Cloud providers’ default retention policies are not enough: You better back your SaaS up

If there’s one thing that recent earnings reports from Microsoft, Google and Amazon made clear, it’s that their cloud businesses are booming.

While the shift to the cloud is well underway, many companies aren’t paying attention to a critical aspect of this growth: the dramatic increase in data generated by SaaS that is not adequately protected. This exposure can put companies at greater risk for ransomware attacks, breaches, compliance woes and much more.

The growth of enterprise SaaS is rapid and inevitable. Gartner expects end-user spending on SaaS to rise over 18% to $171.9 billion in 2022 from $145.5 billion in 2021 — and it’s easy to see why.

The SaaS model offers significant value to both service providers and customers, ranging from reduced costs to simplified management and maintenance. The benefits of SaaS are many: It eliminates the need to install and configure software; it gives the customer greater financial flexibility by moving from licensing fees to subscriptions; there is no need to purchase and maintain hardware; and new releases and upgrades are automatically deployed.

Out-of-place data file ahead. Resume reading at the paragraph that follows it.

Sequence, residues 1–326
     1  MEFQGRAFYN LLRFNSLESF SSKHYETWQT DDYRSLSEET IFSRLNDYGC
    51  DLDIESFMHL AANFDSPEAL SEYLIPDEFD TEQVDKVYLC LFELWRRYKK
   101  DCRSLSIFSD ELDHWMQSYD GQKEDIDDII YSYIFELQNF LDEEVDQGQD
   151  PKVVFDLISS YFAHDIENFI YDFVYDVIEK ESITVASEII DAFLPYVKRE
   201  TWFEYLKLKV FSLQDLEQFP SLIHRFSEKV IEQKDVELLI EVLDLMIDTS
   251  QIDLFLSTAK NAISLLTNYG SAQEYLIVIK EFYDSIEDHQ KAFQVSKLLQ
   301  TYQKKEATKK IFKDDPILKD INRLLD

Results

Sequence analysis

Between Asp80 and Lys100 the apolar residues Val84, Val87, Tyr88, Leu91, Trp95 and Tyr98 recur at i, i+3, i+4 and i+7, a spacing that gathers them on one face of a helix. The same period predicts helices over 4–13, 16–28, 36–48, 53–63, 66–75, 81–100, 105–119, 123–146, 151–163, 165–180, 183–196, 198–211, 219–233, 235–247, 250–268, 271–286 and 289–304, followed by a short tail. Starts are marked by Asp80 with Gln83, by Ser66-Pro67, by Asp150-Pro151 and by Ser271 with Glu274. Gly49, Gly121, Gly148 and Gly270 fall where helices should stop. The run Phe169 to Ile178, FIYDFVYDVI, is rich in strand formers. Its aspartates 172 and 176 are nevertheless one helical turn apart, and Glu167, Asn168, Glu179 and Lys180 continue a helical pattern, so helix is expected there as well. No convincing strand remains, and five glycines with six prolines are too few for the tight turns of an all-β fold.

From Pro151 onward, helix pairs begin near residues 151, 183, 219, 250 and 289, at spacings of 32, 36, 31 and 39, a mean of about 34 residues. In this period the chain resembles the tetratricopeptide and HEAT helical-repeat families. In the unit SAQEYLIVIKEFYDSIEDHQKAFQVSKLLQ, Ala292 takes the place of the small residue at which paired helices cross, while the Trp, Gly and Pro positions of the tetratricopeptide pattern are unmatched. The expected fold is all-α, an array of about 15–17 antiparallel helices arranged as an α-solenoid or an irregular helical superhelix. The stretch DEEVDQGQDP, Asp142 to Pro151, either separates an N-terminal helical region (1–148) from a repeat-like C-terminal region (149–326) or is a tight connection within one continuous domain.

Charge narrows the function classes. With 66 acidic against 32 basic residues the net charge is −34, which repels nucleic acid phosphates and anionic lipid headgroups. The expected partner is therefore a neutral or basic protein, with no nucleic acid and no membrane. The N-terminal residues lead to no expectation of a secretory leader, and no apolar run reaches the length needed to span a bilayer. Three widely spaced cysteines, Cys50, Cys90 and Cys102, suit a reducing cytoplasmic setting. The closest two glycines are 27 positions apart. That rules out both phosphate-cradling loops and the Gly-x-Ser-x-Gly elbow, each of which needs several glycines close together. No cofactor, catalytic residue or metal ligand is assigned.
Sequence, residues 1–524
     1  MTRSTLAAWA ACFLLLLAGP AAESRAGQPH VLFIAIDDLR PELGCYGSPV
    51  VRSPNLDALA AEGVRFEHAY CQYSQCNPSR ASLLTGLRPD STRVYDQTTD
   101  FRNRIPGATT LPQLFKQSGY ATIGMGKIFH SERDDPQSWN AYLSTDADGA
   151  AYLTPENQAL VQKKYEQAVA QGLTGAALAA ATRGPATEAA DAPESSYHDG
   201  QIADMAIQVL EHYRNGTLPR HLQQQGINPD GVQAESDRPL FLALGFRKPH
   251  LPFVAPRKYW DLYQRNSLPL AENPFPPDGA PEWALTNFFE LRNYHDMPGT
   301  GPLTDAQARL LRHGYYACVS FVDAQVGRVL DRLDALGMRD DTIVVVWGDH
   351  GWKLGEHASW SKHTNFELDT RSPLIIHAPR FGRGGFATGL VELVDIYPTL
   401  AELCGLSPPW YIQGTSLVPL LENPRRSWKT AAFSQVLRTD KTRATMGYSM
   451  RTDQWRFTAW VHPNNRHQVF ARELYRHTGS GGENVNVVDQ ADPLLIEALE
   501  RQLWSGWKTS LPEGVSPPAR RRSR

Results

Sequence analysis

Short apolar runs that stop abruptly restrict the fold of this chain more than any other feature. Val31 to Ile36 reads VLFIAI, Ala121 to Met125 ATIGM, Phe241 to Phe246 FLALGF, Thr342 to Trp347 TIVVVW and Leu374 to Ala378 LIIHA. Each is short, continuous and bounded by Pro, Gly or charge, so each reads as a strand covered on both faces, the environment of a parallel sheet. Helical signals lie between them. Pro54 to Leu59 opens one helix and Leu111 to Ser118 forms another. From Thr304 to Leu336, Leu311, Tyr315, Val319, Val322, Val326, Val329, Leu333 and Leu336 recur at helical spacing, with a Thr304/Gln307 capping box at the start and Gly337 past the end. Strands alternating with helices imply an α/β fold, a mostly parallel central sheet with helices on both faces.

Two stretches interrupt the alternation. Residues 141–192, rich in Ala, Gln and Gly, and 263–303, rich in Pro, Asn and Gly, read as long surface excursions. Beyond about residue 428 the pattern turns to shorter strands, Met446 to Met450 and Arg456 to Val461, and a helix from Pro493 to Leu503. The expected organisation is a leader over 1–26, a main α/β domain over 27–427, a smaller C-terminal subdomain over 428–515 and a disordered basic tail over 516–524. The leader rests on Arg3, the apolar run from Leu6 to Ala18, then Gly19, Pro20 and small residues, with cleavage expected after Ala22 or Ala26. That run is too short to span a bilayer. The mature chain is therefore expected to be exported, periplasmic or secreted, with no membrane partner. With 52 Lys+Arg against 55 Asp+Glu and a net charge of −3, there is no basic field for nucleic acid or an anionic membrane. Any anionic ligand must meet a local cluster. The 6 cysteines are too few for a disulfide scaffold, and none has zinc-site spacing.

Without the right policies in place, organizations often have little visibility into what SaaS data they actually have; whether that data is in compliance, protected or compromised.

But despite its rapid growth and countless benefits, there are significant challenges associated with managing and protecting SaaS data. That’s a problem that can only get worse, as for many organizations, SaaS is the fastest-growing segment of their data.

Cloud providers’ default retention policies are not enough

Each cloud service provider (CSP) and SaaS provider has its own data retention policy, and once that policy expires, the customer is responsible for backing up, protecting, and, if needed, restoring the data in the event of a cyber attack.

Not only is the customer responsible, but data retention policies can differ based on the provider and the type of SaaS data. In the current world of rampant ransomware attacks and stringent privacy and compliance regulations, leaving data unmanaged and unprotected is a risk few organizations can take.

Let’s look at Microsoft 365 as an example. Microsoft 365 adoption has been phenomenal, with nearly 300 million users and over 50% subscriber growth over the past two years. It is one of the most popular enterprise SaaS applications, and yet backup options are limited in terms of data stored on Azure.